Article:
Suomalaistunut amerikkalaisnainen kirjoittaa New Yorkissa asuvalle äidilleen.

Go screw yourselves, rest of America

Lissu Moulton
Blogit Kirjeitä äidille 16.4.2014 11:21

Dear Mom,

So listen to this. I was rushing to a meeting and decided to grab a sandwich from a cafe downtown. I placed my order. The nice girl behind the counter packed up my cheese and tomato on rye and took my 5.60€. So far so good.

I’m starving by the time I get to my meeting, so I tear open my sandwich and take a big bite. Tasty. I take a second bite and my life flashes before my eyes. Whatever it is that just cut into my lip is way too crunchy to be anything edible. Maybe it’s a chipped tooth?

I spit into my napkin and realise it’s a piece of glass. GLASS! Obviously they’ve got guys from the Taliban making sandwiches in this place. I can’t think of any other logical explanation for why there’s a shard of glass in my lunch.

After work I head back to the cafe. “Hi. I ordered a sandwich here this morning and there was glass in it.” I hand her the evidence. She looks annoyed.

After a few seconds of us staring at each other in silence, she finally says: “Ok. So what do you want me to do?” I suggest that a good place to start would be to apologize and refund my money. She looks even more annoyed as she takes 6€ out of the register. “Wait a second though, you took that sandwich to go, so it was only 5.60€,” she says as she grabs the 6€ out of my hand. Ok, now I’m annoyed.

It’s a well-known fact that New Yorkers are natural born complainers. When we get bad service, we give the server a piece of our minds. That’s the number one rule when you live, work and eat out in a tip-driven economy like New York.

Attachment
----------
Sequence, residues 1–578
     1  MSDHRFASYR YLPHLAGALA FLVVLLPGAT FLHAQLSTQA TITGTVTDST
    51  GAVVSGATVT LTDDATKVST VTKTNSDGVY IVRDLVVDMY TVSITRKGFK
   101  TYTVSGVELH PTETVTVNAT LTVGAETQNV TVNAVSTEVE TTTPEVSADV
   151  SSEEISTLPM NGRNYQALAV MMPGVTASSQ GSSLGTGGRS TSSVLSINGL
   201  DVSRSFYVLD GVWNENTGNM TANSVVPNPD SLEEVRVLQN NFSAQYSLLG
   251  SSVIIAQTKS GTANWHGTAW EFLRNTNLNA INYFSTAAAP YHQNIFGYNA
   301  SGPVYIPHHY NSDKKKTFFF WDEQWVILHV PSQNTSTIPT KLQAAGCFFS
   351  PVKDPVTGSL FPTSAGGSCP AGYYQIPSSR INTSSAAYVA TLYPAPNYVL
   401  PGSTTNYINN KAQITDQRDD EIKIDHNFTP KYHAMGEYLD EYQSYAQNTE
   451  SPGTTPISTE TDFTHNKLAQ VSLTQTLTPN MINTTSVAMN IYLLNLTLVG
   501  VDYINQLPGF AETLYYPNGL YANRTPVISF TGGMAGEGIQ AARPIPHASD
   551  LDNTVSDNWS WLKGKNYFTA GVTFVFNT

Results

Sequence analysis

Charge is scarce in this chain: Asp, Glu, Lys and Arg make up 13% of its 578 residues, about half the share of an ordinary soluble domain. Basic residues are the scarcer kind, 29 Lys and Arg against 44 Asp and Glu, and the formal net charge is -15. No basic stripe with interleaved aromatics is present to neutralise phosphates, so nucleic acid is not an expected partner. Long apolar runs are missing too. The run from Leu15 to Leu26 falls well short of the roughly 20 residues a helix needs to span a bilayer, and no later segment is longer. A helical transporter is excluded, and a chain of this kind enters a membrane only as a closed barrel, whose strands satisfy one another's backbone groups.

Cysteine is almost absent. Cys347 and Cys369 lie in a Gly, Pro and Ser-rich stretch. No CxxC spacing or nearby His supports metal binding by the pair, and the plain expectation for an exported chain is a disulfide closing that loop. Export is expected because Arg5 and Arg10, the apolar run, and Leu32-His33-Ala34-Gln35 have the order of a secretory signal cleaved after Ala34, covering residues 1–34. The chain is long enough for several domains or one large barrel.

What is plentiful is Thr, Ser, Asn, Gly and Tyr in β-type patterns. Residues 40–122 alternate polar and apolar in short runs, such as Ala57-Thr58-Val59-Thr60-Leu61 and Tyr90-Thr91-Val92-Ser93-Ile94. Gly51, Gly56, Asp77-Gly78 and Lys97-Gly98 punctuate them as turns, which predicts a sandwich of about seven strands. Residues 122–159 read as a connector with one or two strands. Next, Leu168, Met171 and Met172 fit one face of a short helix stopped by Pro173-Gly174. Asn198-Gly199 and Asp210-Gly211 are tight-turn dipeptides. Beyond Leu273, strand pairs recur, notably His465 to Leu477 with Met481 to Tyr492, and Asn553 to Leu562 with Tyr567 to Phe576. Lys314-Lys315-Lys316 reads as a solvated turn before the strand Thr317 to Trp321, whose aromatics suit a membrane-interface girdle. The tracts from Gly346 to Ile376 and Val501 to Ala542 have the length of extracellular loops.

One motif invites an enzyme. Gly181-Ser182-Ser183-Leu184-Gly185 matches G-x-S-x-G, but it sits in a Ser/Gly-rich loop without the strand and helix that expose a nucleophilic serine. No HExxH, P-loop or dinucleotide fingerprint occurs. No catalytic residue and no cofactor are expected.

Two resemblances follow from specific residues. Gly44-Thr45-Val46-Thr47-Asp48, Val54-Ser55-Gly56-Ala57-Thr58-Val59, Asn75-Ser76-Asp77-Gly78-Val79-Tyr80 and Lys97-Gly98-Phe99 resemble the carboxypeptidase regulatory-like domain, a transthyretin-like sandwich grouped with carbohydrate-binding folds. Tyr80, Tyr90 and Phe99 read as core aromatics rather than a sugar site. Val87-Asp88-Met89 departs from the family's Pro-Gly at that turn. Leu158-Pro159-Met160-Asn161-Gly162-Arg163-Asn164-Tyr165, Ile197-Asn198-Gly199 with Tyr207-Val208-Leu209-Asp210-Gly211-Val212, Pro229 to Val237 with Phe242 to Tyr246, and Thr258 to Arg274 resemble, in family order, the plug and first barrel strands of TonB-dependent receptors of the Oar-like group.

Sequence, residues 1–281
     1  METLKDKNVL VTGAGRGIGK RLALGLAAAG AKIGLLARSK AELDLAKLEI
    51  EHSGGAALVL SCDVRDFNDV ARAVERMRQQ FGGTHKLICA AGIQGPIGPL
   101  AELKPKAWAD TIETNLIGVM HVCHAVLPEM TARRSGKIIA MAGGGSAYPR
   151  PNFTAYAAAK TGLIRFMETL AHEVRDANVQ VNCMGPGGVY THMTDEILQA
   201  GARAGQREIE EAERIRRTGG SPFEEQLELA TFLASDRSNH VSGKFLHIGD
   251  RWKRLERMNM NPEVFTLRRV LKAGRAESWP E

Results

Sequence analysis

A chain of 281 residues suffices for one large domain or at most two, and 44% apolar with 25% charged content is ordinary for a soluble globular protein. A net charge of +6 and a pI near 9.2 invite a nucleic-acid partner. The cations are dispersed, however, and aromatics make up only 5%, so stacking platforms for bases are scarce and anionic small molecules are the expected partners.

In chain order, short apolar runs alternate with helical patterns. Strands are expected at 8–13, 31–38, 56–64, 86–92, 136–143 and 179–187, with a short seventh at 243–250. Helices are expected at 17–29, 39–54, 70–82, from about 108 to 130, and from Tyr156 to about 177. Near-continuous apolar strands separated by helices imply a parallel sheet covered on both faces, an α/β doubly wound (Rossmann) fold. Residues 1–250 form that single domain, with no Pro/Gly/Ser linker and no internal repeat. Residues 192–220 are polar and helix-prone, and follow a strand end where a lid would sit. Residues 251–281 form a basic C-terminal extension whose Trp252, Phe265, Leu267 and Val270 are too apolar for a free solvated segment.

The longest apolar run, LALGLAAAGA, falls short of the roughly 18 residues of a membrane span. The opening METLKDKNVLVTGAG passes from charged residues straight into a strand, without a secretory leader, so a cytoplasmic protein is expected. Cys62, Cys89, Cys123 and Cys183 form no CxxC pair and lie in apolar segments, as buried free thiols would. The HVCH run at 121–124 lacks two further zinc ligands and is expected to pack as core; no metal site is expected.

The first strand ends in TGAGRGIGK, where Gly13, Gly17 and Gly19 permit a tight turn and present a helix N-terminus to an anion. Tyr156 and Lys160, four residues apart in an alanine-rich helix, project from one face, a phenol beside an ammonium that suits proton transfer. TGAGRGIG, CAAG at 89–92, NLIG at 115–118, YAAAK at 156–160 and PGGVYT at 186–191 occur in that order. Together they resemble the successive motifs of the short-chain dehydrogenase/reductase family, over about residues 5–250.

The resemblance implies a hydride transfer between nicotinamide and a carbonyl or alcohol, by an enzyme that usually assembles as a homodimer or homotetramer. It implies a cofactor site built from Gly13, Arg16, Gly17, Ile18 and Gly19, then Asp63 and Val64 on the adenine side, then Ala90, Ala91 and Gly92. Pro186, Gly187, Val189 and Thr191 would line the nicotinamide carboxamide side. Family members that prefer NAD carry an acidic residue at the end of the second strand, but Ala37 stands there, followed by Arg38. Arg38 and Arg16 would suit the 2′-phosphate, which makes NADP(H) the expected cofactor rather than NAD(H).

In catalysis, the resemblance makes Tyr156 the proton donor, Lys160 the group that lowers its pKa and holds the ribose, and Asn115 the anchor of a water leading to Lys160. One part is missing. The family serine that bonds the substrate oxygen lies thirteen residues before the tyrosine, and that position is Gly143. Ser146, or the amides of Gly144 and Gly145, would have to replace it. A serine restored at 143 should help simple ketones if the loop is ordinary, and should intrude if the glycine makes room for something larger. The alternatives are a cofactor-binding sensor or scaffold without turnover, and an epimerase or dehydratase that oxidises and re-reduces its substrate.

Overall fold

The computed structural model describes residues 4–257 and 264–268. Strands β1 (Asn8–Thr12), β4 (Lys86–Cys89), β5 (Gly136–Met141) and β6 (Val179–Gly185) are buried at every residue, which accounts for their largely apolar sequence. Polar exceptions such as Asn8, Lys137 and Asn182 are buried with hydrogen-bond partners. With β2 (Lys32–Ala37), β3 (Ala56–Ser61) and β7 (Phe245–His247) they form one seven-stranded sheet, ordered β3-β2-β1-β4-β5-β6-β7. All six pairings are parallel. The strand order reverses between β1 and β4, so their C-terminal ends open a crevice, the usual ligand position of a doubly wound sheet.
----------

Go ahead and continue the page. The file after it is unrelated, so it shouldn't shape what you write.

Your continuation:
Because we generally don’t tip in Finland, when you “make a scene” by complaining about glass in your sandwich, you’re the one who ends up looking crazy. Here, when I’m out with friends and we get bad food or bad service I’m almost always the only one who speaks up. When the server asks if we enjoyed our meal, my friends usually say something like: “Oh yes, thank you, it was great.” No it wasn’t!

How can you ever expect people to learn from their mistakes or improve their service if you never tell them what needs improvement? I guess for many people, telling someone they’ve done something wrong is almost as uncomfortable as being told they’ve done something wrong.

I think complaining is all too often (mistakenly) mistaken for rudeness. And not just here, either. Turns out the rest of America thinks New Yorkers are the rudest people in the country. I say go screw yourselves, rest of America. We’re not rude, we’re just honest.

Now. All this talk about sandwiches and glass has me hungry for lunch. Maybe I’ll give the girl at the cafe a second chance. Who knows, maybe this time there will be a nice surprise between the cheese and tomatoes – like cash.

Tough love,
Lissu

Lissu Moulton

Kirjoittaja on New Yorkissa varttunut ja Helsingissä naisistunut copywriter.

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